“(Snowflake OAuth Resource) is not configured as a multi-tenant application. Usage of the /common endpoint is not supported for such applications created after '10/15/2018'. Use a tenant-specific endpoint or configure the application to be multi-tenant.”

Please enable multitenant authentication for the Snowflake OAuth Resource in you Azure Active directory as shown below.

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For more details see the Microsoft documentation.

Single tenant

Since version 4.5.2 of the KNIME Analytics Platform the Microsoft Authentication node also supports single tenant authentication by specifying a custom OAuth2 Endpoint.

To specify a custom OAuth2 Endpoint open the node dialog of the Microsoft Authentication node and go to the Advanced tab:

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The endpoint can be retrieved from Azure Active Directory by clicking the Endpoints entry of the Snowflake OAuth Resource. Just click the clipboard icon of the OAuth 2.0 authorization endpoint (v2) entry in the Endpoints list:

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Register your own Snowflake driver

The KNIME Snowflake Integration comes with a built- in Snowflake driver and is thus ready to go. However because of some special circumstances you might be required to use a particular version of the driver which you can do by manually registering your own JDBC driver.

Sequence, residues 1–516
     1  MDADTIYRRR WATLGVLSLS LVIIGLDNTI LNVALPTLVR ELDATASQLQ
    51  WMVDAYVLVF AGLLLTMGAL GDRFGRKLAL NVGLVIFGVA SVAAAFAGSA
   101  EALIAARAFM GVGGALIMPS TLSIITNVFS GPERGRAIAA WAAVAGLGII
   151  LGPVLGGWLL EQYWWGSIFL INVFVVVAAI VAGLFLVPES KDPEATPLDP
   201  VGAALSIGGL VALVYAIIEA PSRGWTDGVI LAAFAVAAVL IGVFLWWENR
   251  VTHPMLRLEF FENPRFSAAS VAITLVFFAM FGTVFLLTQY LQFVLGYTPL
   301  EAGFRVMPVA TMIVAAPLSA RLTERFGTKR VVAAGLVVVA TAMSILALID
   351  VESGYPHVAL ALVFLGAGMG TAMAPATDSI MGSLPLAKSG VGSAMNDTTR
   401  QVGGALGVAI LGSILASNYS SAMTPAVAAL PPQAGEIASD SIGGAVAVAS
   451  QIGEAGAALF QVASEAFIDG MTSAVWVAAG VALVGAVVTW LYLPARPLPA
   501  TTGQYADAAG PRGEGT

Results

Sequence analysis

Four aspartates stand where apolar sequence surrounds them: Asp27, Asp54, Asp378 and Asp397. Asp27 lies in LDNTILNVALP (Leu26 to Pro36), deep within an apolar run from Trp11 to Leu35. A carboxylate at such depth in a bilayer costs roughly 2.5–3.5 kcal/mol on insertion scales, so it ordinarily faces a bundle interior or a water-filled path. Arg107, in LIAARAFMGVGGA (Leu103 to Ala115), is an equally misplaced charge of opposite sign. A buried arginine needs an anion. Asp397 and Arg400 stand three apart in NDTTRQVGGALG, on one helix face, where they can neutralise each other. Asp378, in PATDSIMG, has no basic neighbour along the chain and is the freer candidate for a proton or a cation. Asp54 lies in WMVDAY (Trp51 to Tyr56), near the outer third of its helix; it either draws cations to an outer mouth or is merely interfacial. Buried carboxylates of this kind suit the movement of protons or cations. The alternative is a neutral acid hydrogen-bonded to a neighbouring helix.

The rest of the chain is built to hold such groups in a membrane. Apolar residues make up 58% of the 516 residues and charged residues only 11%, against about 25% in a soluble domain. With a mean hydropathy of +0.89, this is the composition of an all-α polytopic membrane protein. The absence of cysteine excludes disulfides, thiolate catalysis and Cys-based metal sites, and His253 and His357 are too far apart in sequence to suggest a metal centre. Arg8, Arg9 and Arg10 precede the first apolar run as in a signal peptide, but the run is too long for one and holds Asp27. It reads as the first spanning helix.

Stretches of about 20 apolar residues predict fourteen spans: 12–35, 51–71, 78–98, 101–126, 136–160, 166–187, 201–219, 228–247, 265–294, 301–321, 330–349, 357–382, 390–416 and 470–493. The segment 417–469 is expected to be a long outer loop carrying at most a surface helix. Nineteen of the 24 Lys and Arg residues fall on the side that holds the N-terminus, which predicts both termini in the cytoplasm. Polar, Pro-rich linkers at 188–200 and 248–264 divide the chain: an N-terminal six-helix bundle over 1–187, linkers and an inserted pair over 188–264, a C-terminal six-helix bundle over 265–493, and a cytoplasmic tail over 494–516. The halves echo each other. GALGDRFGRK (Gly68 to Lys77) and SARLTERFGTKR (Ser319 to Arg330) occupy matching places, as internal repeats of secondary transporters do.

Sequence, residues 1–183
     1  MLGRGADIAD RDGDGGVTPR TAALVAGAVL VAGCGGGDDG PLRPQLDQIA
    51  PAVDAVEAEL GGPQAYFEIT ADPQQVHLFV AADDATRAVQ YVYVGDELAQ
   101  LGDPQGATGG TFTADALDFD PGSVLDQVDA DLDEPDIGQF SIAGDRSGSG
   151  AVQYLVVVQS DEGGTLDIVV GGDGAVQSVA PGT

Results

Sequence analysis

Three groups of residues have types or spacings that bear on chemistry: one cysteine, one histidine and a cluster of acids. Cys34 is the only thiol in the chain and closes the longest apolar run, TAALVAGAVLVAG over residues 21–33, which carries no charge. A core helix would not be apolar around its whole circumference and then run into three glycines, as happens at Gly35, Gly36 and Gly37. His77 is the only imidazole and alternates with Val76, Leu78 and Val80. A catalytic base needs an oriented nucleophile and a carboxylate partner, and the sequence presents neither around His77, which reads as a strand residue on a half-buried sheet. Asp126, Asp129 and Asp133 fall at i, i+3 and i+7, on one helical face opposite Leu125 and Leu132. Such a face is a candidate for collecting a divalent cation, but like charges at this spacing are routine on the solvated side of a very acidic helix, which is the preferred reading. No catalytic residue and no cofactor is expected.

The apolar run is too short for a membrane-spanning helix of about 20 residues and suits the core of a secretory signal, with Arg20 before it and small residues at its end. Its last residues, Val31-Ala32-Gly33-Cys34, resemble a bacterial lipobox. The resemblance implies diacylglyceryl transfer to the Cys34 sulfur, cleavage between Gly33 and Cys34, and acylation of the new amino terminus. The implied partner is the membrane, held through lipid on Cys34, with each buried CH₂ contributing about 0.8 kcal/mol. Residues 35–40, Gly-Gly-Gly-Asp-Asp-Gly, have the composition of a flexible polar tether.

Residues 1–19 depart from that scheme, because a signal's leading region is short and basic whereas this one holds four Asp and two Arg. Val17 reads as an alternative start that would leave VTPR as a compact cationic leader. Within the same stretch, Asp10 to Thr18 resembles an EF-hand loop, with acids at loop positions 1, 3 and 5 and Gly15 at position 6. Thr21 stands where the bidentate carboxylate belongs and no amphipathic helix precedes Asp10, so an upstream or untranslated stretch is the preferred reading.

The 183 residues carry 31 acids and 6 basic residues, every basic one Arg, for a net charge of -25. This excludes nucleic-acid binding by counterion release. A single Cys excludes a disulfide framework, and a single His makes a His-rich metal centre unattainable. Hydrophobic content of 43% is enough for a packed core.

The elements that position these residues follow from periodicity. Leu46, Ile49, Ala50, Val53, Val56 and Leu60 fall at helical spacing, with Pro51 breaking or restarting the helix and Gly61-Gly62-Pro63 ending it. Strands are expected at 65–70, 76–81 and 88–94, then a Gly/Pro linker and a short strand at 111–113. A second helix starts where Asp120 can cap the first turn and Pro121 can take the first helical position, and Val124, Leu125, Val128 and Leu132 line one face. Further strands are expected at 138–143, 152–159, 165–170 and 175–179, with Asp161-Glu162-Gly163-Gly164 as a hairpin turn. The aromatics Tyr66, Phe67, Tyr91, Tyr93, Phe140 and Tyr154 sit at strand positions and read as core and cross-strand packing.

To register your own Snowflake JDBC driver, you need to download the JDBC driver as described in the Snowflake documentation. Once you have downloaded the single jar file. Open KNIME Analytics Platform and go to File → Preferences → KNIME → Databases.

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Clicking Add will open a new database driver window where you can provide the JDBC driver path and all necessary information. In the dialog enter a unique identifier and name and make sure to select snowflake as database type. Once the database type is selected the URL template is automatically generated to be compatible with the Snowflake driver and usually does not need to be altered. Click Add file and browse for the downloaded driver jar file. Finally click Find driver classes. Once satisfied, close the dialog by hitting OK.

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Once the driver is registered you can select it in the Snowflake Connector node.

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To set up JDBC drivers on KNIME Server, please refer to the section JDBC drivers on KNIME Server of the KNIME Database Extension Guide.